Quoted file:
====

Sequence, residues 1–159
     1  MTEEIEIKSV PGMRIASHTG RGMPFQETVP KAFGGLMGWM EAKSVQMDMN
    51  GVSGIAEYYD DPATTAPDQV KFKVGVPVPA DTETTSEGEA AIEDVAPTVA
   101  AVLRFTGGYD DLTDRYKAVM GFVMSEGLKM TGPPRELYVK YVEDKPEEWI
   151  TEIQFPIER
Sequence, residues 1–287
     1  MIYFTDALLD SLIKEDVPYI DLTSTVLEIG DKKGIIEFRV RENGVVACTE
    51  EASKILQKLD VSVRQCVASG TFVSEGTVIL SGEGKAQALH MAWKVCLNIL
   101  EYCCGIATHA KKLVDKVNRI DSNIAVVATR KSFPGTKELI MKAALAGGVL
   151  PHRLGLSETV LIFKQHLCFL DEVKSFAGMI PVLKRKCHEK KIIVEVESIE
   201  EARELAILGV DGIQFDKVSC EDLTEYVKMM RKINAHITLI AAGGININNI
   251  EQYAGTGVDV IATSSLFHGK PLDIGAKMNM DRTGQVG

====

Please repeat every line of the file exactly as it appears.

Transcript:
Sequence, residues 1–159
     1  MTEEIEIKSV PGMRIASHTG RGMPFQETVP KAFGGLMGWM EAKSVQMDMN
    51  GVSGIAEYYD DPATTAPDQV KFKVGVPVPA DTETTSEGEA AIEDVAPTVA
   101  AVLRFTGGYD DLTDRYKAVM GFVMSEGLKM TGPPRELYVK YVEDKPEEWI
   151  TEIQFPIER
Sequence, residues 1–287
     1  MIYFTDALLD SLIKEDVPYI DLTSTVLEIG DKKGIIEFRV RENGVVACTE
    51  EASKILQKLD VSVRQCVASG TFVSEGTVIL SGEGKAQALH MAWKVCLNIL
   101  EYCCGIATHA KKLVDKVNRI DSNIAVVATR KSFPGTKELI MKAALAGGVL
   151  PHRLGLSETV LIFKQHLCFL DEVKSFAGMI PVLKRKCHEK KIIVEVESIE
   201  EARELAILGV DGIQFDKVSC EDLTEYVKMM RKINAHITLI AAGGININNI
   251  EQYAGTGVDV IATSSLFHGK PLDIGAKMNM DRTGQVG